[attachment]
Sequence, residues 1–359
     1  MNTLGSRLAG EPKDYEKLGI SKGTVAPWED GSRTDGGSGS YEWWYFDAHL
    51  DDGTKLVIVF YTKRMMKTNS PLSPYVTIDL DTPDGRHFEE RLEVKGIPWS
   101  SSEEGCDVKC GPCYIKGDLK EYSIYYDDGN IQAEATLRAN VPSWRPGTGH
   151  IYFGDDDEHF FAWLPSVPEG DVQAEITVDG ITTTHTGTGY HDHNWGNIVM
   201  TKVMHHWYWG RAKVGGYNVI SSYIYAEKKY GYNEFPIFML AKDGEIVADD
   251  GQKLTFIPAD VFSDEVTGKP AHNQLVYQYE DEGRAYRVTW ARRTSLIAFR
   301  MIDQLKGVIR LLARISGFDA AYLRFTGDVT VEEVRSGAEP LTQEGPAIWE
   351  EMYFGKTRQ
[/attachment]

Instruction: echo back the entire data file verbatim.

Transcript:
Sequence, residues 1–359
     1  MNTLGSRLAG EPKDYEKLGI SKGTVAPWED GSRTDGGSGS YEWWYFDAHL
    51  DDGTKLVIVF YTKRMMKTNS PLSPYVTIDL DTPDGRHFEE RLEVKGIPWS
   101  SSEEGCDVKC GPCYIKGDLK EYSIYYDDGN IQAEATLRAN VPSWRPGTGH
   151  IYFGDDDEHF FAWLPSVPEG DVQAEITVDG ITTTHTGTGY HDHNWGNIVM
   201  TKVMHHWYWG RAKVGGYNVI SSYIYAEKKY GYNEFPIFML AKDGEIVADD
   251  GQKLTFIPAD VFSDEVTGKP AHNQLVYQYE DEGRAYRVTW ARRTSLIAFR
   301  MIDQLKGVIR LLARISGFDA AYLRFTGDVT VEEVRSGAEP LTQEGPAIWE
   351  EMYFGKTRQ